Mccarthy ‘s article deals specifically with the use of evolution in some of Wells novels, with an importance on War of the Worlds. It reveals where Wells got some of his thinking from, as well as other authors who drew inspiration from Wells during this time. It does do a good job of examining the use of evolution in Wells novels, however it might put a little too much importance on their effect on other authors. It will take a finer combing of the material to tell whether of not it will be useful enough to use in my essay.

Pearson, Richard. “Primitive Modernity: H. G. Wells and the Prehistoric Man of

the 1890s.” The Yearbook of English Studies 37.1, From Decadent to Modernist:

And Other Essays (2007): 58-74. JSTOR. Web. 19 Nov. 2014.


Pearson talks about the culture and beliefs in sociology that surrounded Wells thinking and in effect his work. He argues that a lot of Wells writings are based on the primitive past, which he attributes to anthropology being a big thing during that time. He discusses Wells use of the prehistoric man, in different stages, throughout his works. The text asserts that this idea of the prehistoric man was very popular during the time he was writing, and looks more into the use of the prehistoric man, and the effects on audiences and critics alike. I think this article will be useful in its content of Wells understanding of primitive people and the way he recreates them in his novels as examples of degeneration.

Philmus, Robert M. “”The Time Machine”: Or, The Fourth Dimension as

Prophecy.” PMLA 84.3 (1969): 530-35. JSTOR. Web. 19 Nov. 2014.


Philmus examines how Wells thought of his early works, especially The Time Machine, and gives insight to some of his inspiration and meaning of the texts, and focuses mainly on his reasoning for making the future setting in The Time Machine the way it is. It also quotes an essay Wells wrote called, “Zoological Retrogression”, which has a lot of good quotes about how Wells views Evolution, and Devolution. I think this essay will be useful because it will give me information about Wells, and allows me to see some reasoning in his views of evolution, and writing about them the way he did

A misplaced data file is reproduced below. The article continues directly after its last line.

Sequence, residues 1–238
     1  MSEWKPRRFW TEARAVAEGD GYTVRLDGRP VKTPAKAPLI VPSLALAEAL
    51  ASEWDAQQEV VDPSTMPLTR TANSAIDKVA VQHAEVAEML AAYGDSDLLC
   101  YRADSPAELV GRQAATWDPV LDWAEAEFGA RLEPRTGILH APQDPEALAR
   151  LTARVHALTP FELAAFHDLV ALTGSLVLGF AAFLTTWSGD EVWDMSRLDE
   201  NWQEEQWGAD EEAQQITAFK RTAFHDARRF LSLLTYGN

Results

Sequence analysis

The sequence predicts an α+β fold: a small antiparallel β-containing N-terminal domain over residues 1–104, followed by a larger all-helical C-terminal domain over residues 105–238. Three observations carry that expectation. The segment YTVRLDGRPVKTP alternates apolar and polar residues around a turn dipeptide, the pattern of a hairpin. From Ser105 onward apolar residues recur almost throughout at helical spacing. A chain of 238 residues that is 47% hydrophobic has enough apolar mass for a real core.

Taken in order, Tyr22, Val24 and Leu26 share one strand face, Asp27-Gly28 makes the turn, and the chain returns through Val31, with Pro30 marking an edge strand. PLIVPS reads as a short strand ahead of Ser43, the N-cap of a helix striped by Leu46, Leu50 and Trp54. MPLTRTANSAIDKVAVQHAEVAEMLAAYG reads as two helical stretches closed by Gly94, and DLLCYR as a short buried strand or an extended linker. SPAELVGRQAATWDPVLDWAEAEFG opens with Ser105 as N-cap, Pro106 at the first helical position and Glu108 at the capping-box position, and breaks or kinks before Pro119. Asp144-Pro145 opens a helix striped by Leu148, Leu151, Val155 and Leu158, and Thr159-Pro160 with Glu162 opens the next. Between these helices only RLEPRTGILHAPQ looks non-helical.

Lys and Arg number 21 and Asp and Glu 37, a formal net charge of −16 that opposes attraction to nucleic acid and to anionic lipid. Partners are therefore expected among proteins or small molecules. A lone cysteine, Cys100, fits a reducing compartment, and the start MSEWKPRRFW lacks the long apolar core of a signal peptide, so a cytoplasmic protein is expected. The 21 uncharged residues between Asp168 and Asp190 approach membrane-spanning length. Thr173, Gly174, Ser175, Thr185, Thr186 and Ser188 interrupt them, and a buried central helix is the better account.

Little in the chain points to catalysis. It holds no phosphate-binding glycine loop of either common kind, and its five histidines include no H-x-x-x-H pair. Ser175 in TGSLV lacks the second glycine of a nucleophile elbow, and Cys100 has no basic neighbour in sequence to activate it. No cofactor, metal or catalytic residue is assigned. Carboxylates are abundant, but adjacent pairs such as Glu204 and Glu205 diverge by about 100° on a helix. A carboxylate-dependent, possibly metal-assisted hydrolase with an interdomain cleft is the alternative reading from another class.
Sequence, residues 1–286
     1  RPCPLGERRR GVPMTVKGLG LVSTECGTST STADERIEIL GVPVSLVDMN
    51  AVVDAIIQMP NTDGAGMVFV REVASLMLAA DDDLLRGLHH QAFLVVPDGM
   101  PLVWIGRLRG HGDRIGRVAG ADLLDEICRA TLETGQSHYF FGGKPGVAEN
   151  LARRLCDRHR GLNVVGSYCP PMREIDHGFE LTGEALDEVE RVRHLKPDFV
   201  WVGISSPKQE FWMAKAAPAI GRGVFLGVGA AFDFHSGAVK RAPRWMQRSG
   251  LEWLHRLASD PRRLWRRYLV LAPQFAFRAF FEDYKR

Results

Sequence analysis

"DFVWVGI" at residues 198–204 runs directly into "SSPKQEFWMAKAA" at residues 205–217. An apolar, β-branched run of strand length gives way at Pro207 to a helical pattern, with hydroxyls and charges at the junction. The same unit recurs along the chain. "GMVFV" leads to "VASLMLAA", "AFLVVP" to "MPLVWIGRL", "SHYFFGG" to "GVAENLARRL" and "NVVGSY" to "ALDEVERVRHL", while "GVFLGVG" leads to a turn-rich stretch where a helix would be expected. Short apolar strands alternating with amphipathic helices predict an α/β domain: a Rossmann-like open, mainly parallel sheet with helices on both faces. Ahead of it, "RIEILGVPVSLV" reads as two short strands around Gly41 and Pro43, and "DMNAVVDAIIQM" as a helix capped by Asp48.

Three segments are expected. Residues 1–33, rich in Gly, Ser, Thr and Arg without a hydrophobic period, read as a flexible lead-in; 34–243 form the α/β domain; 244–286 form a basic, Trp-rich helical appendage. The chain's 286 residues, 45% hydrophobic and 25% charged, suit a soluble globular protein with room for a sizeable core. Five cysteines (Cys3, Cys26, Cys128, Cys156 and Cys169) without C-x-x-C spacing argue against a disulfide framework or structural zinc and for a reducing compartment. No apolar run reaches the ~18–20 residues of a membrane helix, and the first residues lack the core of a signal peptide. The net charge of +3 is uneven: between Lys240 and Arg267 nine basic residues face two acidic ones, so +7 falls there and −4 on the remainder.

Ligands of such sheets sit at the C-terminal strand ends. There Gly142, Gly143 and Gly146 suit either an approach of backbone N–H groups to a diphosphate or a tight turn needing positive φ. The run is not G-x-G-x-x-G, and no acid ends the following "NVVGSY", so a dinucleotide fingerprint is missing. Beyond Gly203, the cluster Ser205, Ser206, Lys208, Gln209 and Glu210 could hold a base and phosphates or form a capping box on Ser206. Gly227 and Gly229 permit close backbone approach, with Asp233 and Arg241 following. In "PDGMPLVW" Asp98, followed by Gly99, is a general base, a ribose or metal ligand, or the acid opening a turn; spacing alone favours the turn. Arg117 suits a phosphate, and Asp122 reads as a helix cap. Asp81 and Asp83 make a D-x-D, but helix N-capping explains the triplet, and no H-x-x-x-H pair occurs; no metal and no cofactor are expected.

Wells, H. G., and Martin A. Danahay. The War of the Worlds. Peterborough, Ont.:

Broadview, 2003. Print.

Like the version of The Coming Race, this edition of War of the Worlds will be helpful in finding primary sources, such as an excerpt from Wells essay, “Zoological Retrogression”, which I have struggled to find in its entirety. It also includes many other writings by Wells, which give great introspection into why Wells wrote the way he did. I think these appendix’s and the book itself will be important in helpful in supporting my claims, and providing evidence.

Worth, Aaron. “Imperial Transmissions: H. G. Wells, 1897–1901.” Victorian

                        Studies 53.1 (2010): 65-89. JSTOR. Web. 19 Nov. 2014.


Worth examines the outlying theme of imperialism in War of the Worlds, and how it was supposed to reflect British Imperialism. It does a really good job of analyzing the text and allowing the reader to see the likeness to Britain during that time, including cultural importance, technology, and scientific innovations. While this text deals more with imperialism in War of the Worlds, I think it will also be useful in helping me examine British culture during this time and the fear of evolution as a means of creating a superior society that Britain.